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It is known that an abelian category is equivalent to a module category iff it has a finite projective generator and contains arbitary direct sum of that generator by Theorem 1 of Chapter 4 Section 11 of the book "Categories and Functors" by Bodo Pareigis.

We know that arbitary comodule category over a coalgebra is an abelian category, it is natural to ask the following question: when a comodule category is equivalent to a module category?

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The category of comodules over a coalgebra is not always abelian, there's a problem with kernels. – Fernando Muro Apr 15 '12 at 14:22
Obvious follow-up, then: When is the category of comodules over a coalgebra abelian? – Will Sawin Apr 15 '12 at 19:35
I think that it's abelian whenever it has kernels, but I'm not sure at this moment. – Fernando Muro Apr 15 '12 at 22:30
Let k be a commutative ring and C a k-coalgebra. If C is a flat k-module, then the corresponding comodule category is a Grothendieck category. in particular, when k is a field, then the comodule category must be abelian – Aimin Xu Apr 16 '12 at 2:28
Of course flatness implies that there are kernels. An arbitrary coalgebra is not flat, though. – Fernando Muro Apr 16 '12 at 8:31
up vote 4 down vote accepted

First, an easy sufficient condition. Let $C$ be a coalgebra over a commutative ring $R$. If $C$ itself is finitely generated and projective as an $R$-module, then $Comod_C$ is equivalent to the category of modules $Mod_{C^\ast}$ over the dual algebra $C^\ast = Mod_R(C, R)$.

First, for $C$ a finite projective module, we have a natural isomorphism

$$C^\ast \otimes_R - \cong Mod_R(C, -): Mod_R \to Mod_R$$

because finite projectivity of $C$ is equivalent to the condition that the hom-functor $Mod_R(C, -)$ preserves colimits, and any colimit preserving endofunctor $F: Mod_R \to Mod_R$ is necessarily isomorphic to $F(R) \otimes_R -$. It follows that $C \otimes_R -$ is left adjoint to $C^\ast \otimes_R -$; by exploiting the symmetry of the tensor product, it is also right adjoint to $C^\ast \otimes_R -$.

Next, the coalgebra structure on $C$ endows the functor $C \otimes_R -$ with a comonad structure, so that the category of $C$-comodules, $Comod_C$, is equivalent to the category of coalgebras of the comonad $C \otimes_R -$. It is a general fact (and not hard to see for oneself) that for a comonad $G$ that possesses a left adjoint $F$, the left adjoint has an induced monad structure and the category of $F$-algebras is equivalent to the category of $G$-coalgebras. (This result was given in one of the first papers on general monad theory, the famous 1965 paper by Eilenberg-Moore. I am pretty sure it's given in the book by Mac Lane-Moerdijk on topos theory, but I don't have this to hand at the moment.) It follows that $Comod_C$ is equivalent to the category of algebras over the monad $C^\ast \otimes_R -$, in other words the category $Mod_{C^\ast}$.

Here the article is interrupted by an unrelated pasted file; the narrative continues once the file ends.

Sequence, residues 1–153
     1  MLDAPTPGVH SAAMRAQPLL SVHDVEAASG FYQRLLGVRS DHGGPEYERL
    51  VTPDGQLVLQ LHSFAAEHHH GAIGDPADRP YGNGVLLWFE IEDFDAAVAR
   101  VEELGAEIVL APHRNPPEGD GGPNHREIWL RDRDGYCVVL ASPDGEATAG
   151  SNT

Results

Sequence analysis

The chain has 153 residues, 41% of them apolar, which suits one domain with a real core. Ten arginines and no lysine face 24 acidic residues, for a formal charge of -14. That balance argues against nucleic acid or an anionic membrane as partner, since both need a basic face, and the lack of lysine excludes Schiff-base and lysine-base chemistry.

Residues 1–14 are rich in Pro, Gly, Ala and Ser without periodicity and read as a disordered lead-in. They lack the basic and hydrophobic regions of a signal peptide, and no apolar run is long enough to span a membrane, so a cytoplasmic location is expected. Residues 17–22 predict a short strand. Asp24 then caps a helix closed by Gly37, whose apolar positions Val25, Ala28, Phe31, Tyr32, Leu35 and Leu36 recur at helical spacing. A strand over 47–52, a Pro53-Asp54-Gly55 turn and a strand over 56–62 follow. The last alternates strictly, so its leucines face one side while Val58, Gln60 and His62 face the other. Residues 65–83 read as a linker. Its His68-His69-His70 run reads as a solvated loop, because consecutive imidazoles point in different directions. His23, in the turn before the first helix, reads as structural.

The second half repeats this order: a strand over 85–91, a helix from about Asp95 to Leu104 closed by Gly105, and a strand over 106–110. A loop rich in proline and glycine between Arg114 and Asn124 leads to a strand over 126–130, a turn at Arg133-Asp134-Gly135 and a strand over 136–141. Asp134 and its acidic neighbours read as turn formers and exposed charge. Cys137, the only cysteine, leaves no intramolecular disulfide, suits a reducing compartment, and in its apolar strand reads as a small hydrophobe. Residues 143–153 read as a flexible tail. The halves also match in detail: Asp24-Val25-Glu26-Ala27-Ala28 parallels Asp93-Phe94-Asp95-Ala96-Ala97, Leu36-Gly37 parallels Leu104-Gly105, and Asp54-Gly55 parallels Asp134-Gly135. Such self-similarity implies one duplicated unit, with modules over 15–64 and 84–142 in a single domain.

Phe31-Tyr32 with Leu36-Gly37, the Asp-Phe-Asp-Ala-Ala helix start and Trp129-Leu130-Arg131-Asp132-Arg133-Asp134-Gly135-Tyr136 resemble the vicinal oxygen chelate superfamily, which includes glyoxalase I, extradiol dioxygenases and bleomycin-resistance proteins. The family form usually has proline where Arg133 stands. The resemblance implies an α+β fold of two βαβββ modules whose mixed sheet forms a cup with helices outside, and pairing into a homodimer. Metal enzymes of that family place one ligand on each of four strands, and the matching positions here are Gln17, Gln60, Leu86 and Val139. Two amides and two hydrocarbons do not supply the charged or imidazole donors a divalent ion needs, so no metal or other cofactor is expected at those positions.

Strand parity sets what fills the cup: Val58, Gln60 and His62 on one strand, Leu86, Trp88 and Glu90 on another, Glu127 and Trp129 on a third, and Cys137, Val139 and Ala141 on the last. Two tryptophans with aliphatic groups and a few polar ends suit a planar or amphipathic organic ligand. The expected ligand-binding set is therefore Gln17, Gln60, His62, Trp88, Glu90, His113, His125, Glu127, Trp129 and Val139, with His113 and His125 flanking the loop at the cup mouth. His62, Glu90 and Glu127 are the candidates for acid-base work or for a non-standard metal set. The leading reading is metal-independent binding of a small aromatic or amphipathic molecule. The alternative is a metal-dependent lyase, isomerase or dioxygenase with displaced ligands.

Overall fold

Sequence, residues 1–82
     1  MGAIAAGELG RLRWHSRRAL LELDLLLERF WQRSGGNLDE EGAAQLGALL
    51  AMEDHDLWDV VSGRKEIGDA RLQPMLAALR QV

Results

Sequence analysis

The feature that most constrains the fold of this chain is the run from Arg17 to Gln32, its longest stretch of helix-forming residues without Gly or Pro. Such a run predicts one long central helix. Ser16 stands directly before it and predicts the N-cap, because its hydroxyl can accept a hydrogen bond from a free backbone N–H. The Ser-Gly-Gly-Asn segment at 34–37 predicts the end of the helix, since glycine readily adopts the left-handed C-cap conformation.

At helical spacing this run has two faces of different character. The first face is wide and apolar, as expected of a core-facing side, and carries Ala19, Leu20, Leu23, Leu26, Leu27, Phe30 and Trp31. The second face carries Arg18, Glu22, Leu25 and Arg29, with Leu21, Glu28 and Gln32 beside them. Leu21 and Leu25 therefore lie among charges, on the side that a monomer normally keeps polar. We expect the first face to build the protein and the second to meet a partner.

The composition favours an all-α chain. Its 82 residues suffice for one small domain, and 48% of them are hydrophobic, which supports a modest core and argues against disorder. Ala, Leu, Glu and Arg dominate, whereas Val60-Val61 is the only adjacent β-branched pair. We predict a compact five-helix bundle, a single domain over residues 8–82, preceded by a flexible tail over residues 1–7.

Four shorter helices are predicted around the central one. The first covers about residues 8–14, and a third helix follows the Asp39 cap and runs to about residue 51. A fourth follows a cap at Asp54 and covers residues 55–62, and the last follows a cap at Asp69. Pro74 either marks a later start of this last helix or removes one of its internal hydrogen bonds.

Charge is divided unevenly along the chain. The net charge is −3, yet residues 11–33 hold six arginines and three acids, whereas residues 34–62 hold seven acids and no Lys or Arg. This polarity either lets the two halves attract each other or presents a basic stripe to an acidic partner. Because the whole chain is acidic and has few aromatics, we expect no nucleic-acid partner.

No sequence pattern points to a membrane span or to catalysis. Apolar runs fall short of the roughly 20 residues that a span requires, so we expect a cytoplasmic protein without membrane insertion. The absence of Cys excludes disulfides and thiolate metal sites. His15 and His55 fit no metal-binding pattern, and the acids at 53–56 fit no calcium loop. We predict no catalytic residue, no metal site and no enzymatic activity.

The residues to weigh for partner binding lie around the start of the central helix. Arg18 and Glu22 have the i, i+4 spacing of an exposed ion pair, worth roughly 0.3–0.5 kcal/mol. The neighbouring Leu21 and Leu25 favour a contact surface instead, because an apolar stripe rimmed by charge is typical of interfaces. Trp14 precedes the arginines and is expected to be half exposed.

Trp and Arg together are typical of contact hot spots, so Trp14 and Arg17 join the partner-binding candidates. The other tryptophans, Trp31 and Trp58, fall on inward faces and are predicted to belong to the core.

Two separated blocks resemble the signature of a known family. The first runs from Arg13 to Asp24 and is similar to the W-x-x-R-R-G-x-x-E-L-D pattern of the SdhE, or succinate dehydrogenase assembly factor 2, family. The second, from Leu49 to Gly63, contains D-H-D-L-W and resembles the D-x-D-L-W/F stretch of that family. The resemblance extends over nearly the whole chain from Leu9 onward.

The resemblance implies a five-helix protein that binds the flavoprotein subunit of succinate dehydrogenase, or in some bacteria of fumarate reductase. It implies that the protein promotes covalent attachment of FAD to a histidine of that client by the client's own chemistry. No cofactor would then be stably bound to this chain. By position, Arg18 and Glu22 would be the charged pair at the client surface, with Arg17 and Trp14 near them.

This can also be turned around. Suppose that we have an equivalence $Comod_C \simeq Mod_A$ which is compatible with the evident underlying or forgetful functors to $Mod_R$. This means that the underlying functor

$$U: Comod_C \to Mod_R,$$

which has a right adjoint $Mod_R \to Comod_C$ (something that is true for the underlying functor on a category of coalgebras over any comonad), also has a left adjoint

$$A \otimes_R -: Mod_R \to Mod_A \simeq Comod_C.$$

Thus, the comonad $C \otimes_R -: Mod_R \to Mod_R$ has a left adjoint, say $F$. This left adjoint preserves colimits, and so as we said a little while ago, it must be of the form $B \otimes_R -$ where $B = F(R)$. (In fact $B \cong A$, but we don't need this.) Since $C \otimes_R -$ and $Mod_R(B, -)$ are both right adjoint to $B \otimes_R -$, we deduce an equivalence

$$C \otimes_R - \cong Mod_R(B, -)$$

and we are in the same situation we had before, where $Mod_R(B, -)$ is cocontinuous, so $B$ is finitely generated and projective, and its dual module $C = B^\ast$ is also finitely generated and projective.

So if you add the assumption that the equivalence between the category of $C$-comodules and the category of modules respects the underlying functors to $Mod_R$, then this is equivalent to $C$ being finitely generated and projective. I don't know off the bat what one could say if this compatibility assumption is removed.

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